Here are the beginnings of a little tavern or popina somewhere in the Roman Empire.
The tile inside the shop, the plaster wall facing the street, and the sidewalk and cobblestone roadway are carved & textured out of styrofoam. The roof is layered corrugated paper. There’s a little wood & plastic card for structure. Everything is held in place with wood glue and super glue. The building surface is 4″x4″. Everything is to 28mm scale.
I’ve found time here and there to complete another little vignette. This one features a dead tree, which I haven’t done in a while. As usual, this one is a kind of lesson to be applied in basing minis, as well as a little imaginative refuge in its own right.
I’ve been making a little scene to practice some scenic elements and attempt to replicate some of the cool stuff my little buddy & I have been finding in the woods lately. I could easily add a figure here, but I don’t plan to. These scenic vignettes are intended as quiet little places to retire to when you can’t get away from your desk.
I have built these little Nature scenes before and always given them away as gifts. I want one for my desk at school, but I also have a recipient in mind. I’ll probably give it away. Continue reading “Forest Scene”
Today ToadChapel is proud to present a tutorial from the amazing Andy Gillaspy, aka AndyG. Andy is a true master of NMM style painting, but he’s always pushing himself in new directions. In that spirit, Andy has developed a way to render heavy rust in a non-metallic setting. Read on to learn how to add this technique to your bag of tricks. Thanks Andy!
I adore non-metallic metals. It’s my favourite way of painting metals. The control on where the highlighting goes, the matte finish which stops unwanted glints from metallic paints so that the mini appears to the observer the way that you want it to rather than how the lighting in the room reflects off metallic paints is for me worth the effort. This isn’t to say that TMM is not an exacting and difficult way of painting metals well; for example the work of SkellettetS and Megazord Man is superb and they use TMM most of the time.
That said, NMM for me. However, what to do with rust? There I have previously given in and used TMM rather than NMM and I have been very satisfied with the results; the slight application in rubbed spots of the metal concentrates the highlights where you want them anyway so the issues of glints appearing where you don’t want them doesn’t occur as the rest of the metal is oxidized with matte browns and oranges. It was quite a challenge to come out of my comfort zone and decide to see if I could paint realistic and aesthetically pleasing rusted armour with NMM. Continue reading “AndyG’s NMM Rust Technique”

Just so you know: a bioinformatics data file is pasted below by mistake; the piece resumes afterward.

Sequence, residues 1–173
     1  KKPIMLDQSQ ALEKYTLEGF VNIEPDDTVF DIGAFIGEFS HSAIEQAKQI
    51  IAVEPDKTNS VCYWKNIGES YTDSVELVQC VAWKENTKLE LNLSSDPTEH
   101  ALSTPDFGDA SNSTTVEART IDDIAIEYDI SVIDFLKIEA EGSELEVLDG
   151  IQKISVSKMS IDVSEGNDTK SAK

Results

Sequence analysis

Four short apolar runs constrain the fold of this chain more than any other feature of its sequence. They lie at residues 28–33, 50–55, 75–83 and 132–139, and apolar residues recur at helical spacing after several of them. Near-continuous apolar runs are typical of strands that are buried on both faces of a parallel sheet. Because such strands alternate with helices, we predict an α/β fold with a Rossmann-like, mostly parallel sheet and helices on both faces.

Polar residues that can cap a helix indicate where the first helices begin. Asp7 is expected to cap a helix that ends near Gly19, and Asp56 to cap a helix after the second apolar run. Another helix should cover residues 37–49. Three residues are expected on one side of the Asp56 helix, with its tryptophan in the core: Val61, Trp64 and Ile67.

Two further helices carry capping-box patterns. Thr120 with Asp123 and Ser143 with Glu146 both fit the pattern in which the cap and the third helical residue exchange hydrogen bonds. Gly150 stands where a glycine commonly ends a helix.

I’ve been building up the layers on my Yarry base. I felt that he needed to be in a fairly lush, healthy woodland environment. Middle Earth is the obvious point of reference (especially for a hobbit), and I wanted him somewhere wilder than the Shire but not so gloomy & forbidding as Mirkwood. Troll country, I guess.
Here’s the state of the base. There will be a few more additions, I think, but nothing major, I think. Read on for some WIP shots of how I created this scene. Continue reading “Grow the Land”
With NOVA’s Capital Palette on the horizon, it’s time I got a base under Yarry. I had originally intended to put that mini on a round base, but I think I’ve come up with another solution that will work well.
I’ve been off the blog for a little while as I visited my parents and spent some time in the woods. I’ve got some nice pictures from my little adventure for you to enjoy.
I chose not to bring any hobby projects with me, though it’s a good place to paint & concentrate. Pushing myself hard this Summer both in my painting and in my efforts to create a more exciting website left me a little lacking in direction as I finished up the painting phase of Yarry. Many people believe that you simply have to paint all the time in order to improve, but I’m not certain that’s true.
Sometimes it’s best for me just to recapture the desire to paint and the desire to better yourself as an artist before you get creatively burnt out.